I had and have a family who supported me, Rabbis Marmur and Gryn who persuaded Leo Baeck College to admit me and the Reform Movement who has given me a religious home for so much of my working life, in West London, North West Surrey and now the Beit Din, (not forgetting my wonderful stint at the Liberal Community at West Central).
I have had the privilege of a lifetime of work that I have (mostly!) enjoyed…and very few can say that. To my colleagues, both Rabbinic and lay, to my students and my teachers…and sometimes they were both…to members of my communities, I express my gratitude and may the Reform Movement grow from strength (Gevurah) to strength.
Don’t be fooled by mention of the 80th birthday. Yes, it is a significant anniversary, but it implies that Reform is a noun, whereas the reality is that Reform is a verb.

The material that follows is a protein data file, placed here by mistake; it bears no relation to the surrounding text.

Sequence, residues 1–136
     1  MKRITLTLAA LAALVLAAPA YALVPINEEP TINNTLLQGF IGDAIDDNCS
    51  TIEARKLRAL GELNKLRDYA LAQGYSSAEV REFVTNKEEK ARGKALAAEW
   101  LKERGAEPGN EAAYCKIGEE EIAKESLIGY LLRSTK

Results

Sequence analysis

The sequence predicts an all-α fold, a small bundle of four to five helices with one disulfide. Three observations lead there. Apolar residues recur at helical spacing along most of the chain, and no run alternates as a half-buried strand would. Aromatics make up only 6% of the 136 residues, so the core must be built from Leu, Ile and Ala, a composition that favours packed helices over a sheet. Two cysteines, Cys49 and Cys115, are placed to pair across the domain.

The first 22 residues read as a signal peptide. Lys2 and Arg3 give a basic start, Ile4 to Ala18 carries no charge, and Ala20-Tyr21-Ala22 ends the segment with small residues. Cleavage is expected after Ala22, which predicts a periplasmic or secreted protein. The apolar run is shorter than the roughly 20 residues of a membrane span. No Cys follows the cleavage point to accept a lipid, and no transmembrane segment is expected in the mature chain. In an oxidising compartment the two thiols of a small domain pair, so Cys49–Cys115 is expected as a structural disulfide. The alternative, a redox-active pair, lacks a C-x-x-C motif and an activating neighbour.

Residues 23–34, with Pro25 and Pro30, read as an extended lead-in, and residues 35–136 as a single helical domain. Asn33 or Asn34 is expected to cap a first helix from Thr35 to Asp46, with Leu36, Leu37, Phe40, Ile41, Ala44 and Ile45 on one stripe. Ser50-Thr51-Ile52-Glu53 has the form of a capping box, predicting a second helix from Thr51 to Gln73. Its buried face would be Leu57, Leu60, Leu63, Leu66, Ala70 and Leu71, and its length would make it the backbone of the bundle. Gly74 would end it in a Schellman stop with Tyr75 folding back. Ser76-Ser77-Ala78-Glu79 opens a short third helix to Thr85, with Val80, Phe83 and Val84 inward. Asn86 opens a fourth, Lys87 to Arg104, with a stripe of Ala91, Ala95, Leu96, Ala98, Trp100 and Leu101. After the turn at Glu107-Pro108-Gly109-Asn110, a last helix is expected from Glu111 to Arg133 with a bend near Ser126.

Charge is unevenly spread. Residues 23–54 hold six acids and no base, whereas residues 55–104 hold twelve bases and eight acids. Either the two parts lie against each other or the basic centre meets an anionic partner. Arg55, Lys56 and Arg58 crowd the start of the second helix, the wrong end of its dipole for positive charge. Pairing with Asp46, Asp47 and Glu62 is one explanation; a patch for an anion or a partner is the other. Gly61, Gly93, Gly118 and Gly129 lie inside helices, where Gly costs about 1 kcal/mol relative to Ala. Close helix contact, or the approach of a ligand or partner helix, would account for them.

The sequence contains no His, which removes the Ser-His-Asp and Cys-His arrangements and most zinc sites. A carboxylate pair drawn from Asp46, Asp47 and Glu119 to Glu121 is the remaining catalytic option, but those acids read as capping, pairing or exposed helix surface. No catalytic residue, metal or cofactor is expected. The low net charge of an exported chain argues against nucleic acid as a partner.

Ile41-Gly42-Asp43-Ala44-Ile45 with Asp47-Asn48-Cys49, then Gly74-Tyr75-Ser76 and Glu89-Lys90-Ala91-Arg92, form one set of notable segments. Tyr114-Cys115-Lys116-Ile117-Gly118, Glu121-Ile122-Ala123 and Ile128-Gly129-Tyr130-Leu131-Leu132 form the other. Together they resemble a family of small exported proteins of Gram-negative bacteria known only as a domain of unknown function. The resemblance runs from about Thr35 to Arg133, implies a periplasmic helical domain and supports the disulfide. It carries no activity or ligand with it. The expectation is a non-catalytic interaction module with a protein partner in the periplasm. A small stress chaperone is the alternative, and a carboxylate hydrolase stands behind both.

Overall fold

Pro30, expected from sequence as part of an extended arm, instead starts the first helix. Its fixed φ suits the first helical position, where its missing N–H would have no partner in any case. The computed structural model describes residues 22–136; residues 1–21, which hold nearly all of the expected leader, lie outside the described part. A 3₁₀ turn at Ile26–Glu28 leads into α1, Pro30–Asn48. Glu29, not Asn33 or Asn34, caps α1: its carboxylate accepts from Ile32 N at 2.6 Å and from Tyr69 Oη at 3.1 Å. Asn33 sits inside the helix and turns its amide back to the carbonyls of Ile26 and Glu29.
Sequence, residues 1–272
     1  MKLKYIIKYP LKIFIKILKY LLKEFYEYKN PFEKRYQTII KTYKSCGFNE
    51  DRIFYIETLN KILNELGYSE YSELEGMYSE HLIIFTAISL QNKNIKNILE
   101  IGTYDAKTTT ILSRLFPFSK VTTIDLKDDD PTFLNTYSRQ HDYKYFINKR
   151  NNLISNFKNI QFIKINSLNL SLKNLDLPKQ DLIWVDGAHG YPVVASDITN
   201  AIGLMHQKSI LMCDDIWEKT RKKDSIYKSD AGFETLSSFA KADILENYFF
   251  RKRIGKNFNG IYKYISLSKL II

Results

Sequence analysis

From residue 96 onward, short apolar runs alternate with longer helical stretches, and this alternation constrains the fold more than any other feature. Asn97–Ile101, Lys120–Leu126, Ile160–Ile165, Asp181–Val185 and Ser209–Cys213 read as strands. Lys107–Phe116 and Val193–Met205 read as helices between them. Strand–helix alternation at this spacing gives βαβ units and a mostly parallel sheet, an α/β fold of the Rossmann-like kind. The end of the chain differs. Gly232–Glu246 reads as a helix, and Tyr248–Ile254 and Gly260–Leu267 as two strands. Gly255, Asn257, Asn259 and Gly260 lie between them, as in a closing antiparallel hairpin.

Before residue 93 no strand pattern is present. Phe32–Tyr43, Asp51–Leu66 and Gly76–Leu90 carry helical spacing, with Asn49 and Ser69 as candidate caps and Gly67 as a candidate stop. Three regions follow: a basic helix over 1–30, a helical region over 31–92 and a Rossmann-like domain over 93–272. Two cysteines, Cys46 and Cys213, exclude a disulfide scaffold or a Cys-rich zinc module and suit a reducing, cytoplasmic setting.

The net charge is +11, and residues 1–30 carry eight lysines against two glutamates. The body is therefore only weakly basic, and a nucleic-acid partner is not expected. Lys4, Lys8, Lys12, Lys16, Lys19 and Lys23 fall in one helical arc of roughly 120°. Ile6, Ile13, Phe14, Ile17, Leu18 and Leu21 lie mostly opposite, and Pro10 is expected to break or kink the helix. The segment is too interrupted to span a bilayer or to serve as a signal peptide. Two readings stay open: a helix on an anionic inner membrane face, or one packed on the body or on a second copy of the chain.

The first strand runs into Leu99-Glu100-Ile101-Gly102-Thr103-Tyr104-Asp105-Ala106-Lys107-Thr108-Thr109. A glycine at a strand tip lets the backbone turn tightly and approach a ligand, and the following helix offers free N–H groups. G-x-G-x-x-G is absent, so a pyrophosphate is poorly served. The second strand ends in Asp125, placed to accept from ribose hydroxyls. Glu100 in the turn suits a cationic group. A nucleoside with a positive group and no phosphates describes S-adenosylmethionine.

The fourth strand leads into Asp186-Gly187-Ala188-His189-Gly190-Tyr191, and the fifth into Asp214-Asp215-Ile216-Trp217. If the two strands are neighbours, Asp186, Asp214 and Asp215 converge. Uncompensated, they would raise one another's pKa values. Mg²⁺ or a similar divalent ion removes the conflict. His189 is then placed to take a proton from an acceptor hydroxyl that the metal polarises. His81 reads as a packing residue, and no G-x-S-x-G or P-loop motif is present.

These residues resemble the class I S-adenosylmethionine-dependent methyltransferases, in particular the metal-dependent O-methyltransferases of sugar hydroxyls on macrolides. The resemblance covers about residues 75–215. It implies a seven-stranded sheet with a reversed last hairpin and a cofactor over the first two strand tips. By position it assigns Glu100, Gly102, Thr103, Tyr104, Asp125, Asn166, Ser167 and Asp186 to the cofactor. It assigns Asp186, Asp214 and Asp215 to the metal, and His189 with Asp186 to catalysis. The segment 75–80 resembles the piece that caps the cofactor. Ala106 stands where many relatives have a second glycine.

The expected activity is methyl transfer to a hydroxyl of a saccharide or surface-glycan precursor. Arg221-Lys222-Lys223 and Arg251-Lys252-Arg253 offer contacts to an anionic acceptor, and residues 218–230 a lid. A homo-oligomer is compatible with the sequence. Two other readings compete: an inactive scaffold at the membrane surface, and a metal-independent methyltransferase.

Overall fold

The last eight decades have not been static, but a fast-moving march through the life of British Jewry. It has not just grown from six congregations to forty-four, but constantly re-evaluated what it means to be a modern Jew, marrying the best of the traditions of the past with the insights of today.
Do not take this for granted. Before 1942, it did not happen. After the initial burst of reforming creativity, Reform lost its momentum, which is why the Liberal movement started in 1902 to carry on the process of adapting to new circumstances.
We have not made the same mistake again and Reform has been highly successful in navigating the delicate balance of being rooted in tradition but responding to change. Whether it be introducing inclusive language in our prayer book, accepting diversity in sexual identity, championing the need to protect the environment, reaching out to mixed-faith couples or welcoming those with Jewish heritage who were previously shunned, Reform has been constantly pro-active. Reform is a verb.